The head of Ukraine’s state cyber police has revealed hackers tried to access confidential data with sophisticated phishing attacks in tandem with the recent ransomware strike with BadRabbit.
The recent BadRabbit ransomware attack made headlines after hitting the likes of Russia and Ukraine. The latter, in particular, was victim to flight delays at Odessa airport in the country’s south and electronic payments disruption in the Kiev metro. According to cybersecurity police chief Serhiy Demedyuk, the ransomware attack masked a far more powerful attack that targeted financial and confidential information.
The official was speaking at the sidelines of the Reuters Cyber Security Summit in Kiev, when he revealed authorities had “detected more powerful, quiet attacks that were aimed at obtaining financial and confidential information.”
Specifically, the attack was an increasingly common “hybrid attack”, according to Demedyuk.
There is an open, let’s say instantly obvious attack, while underneath there is a hidden, fairly well-thought out attack, to which nobody pays attention. The main theory we’re working on now, is that they (the perpetrators of both attacks) were one and the same. The goal was to get remote and undetected access.
About 15 companies reported that they had been compromised and it is still unknown how many people or firms had been affected in total. Curiously, the attack targeted users of Russian-designed software called IC with targeted phishing emails that purported to originate from the software developer. IC products including accounting software and are widely used in Ukraine.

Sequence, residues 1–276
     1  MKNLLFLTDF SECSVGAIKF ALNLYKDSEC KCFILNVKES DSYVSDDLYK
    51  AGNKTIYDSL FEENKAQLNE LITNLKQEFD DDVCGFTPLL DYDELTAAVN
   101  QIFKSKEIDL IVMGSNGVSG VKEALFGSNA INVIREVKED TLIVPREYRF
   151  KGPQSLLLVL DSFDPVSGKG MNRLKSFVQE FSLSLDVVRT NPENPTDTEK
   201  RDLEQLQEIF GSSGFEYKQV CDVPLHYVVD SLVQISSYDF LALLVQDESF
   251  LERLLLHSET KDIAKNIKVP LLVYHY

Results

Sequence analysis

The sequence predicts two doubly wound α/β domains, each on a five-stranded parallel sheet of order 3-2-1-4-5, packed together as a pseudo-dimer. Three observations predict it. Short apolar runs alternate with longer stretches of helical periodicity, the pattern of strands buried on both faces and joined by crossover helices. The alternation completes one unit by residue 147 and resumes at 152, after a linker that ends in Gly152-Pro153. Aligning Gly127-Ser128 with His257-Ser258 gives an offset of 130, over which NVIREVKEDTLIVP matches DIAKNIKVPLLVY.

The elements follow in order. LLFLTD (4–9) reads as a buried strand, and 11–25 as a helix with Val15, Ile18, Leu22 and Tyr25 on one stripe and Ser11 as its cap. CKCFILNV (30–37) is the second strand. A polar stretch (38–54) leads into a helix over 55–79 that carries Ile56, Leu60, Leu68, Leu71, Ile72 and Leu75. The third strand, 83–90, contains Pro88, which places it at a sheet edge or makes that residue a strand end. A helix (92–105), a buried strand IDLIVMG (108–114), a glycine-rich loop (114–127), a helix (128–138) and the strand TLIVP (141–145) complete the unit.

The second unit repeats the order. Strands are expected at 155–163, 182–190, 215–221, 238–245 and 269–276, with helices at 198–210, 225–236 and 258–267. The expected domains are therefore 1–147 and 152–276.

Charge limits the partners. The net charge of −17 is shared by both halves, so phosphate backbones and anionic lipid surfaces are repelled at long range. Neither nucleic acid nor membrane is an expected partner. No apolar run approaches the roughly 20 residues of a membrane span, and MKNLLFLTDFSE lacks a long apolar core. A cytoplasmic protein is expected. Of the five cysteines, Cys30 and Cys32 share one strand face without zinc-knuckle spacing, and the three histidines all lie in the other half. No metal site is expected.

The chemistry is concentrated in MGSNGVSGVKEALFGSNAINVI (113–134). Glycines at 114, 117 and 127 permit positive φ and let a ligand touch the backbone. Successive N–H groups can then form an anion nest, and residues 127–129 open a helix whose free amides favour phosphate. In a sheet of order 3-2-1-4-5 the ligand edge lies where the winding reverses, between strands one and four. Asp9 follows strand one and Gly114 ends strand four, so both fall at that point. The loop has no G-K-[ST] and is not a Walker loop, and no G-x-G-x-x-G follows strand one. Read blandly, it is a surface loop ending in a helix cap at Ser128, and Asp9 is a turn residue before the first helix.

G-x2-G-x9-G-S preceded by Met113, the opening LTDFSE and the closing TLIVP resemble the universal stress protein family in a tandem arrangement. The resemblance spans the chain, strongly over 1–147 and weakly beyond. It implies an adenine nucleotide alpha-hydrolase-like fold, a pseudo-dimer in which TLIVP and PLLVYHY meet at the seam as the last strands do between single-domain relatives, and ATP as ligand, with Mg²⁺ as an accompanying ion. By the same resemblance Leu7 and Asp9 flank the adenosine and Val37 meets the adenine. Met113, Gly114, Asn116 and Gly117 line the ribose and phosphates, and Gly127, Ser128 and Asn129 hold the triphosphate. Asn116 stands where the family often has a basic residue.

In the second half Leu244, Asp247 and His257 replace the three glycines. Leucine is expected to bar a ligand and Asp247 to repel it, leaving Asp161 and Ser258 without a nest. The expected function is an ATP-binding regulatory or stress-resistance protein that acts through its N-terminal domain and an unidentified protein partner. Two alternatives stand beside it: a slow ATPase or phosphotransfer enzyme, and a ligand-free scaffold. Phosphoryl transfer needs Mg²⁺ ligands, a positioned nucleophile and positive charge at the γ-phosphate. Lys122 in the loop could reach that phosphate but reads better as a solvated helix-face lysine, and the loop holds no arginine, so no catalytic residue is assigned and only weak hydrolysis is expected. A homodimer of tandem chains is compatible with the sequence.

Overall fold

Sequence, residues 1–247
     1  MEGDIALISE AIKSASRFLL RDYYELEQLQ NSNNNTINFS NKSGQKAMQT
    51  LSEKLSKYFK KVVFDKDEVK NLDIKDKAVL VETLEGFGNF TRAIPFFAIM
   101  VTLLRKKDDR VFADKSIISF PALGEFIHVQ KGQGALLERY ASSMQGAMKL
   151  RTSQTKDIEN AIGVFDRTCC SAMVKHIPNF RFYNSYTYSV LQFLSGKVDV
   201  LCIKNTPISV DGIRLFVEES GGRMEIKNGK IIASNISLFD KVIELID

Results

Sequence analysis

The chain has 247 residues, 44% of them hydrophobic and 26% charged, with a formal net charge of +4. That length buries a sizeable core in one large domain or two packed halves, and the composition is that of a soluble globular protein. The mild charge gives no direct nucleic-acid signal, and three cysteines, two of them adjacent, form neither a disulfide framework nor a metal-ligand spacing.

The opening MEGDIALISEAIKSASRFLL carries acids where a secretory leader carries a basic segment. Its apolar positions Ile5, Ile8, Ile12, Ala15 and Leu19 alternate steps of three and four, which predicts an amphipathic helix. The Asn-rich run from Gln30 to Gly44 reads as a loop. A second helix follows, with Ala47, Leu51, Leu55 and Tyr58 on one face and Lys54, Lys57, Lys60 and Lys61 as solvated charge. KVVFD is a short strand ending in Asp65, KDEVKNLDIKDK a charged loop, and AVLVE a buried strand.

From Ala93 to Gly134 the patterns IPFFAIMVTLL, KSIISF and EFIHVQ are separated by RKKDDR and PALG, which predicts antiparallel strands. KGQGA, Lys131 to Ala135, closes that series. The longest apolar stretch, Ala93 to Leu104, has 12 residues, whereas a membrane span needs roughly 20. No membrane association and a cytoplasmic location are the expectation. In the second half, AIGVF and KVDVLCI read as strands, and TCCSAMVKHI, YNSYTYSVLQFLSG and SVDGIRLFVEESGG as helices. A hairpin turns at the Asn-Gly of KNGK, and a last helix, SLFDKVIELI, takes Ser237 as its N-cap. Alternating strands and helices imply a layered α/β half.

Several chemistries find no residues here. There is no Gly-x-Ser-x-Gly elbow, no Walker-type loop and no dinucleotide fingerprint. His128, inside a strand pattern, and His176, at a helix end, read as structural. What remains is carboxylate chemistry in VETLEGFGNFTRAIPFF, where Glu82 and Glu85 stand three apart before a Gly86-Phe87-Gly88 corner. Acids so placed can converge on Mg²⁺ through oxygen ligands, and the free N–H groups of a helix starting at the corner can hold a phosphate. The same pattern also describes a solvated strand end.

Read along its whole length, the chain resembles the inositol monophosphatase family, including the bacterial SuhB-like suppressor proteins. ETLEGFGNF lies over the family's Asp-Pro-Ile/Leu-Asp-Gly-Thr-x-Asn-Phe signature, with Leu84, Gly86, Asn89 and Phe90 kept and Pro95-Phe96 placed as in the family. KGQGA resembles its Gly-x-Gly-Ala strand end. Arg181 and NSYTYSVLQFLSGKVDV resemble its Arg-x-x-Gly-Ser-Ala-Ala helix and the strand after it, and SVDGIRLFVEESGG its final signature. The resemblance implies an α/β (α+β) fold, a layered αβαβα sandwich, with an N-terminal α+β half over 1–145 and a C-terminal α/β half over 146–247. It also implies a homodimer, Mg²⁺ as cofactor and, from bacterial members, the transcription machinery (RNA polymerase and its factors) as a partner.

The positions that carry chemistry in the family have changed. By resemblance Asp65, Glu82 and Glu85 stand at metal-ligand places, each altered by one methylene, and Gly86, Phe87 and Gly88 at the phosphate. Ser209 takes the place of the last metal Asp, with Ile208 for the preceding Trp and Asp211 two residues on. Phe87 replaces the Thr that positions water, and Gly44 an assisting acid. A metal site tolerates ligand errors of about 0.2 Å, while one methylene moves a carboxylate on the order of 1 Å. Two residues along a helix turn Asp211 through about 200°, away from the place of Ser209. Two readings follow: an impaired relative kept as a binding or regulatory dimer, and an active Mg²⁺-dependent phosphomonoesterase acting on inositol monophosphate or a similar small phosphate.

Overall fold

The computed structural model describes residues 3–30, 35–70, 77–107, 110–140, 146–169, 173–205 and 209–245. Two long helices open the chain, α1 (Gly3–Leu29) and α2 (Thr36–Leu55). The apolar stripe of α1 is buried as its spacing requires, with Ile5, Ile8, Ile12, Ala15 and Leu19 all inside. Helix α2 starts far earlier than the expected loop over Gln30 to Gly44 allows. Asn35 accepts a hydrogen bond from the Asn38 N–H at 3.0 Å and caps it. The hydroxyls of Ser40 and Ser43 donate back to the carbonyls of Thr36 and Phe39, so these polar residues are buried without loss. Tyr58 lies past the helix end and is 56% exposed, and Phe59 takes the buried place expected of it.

Further, Ukrainian authorities also prevented at least five other major attacks on strategic infrastructure and financial institutions since June, according to Demedyuk. One of these attacks saw an attempt to transfer 10 milion hryvnia (approx. $375,000) out of a company’s account, a criminal act that was blocked by the police. Now a frequent target of cyberattacks, Ukraine has been plagued by hacking attacks through backdoors installed by malicious hackers during the NotPetya cyberattack.
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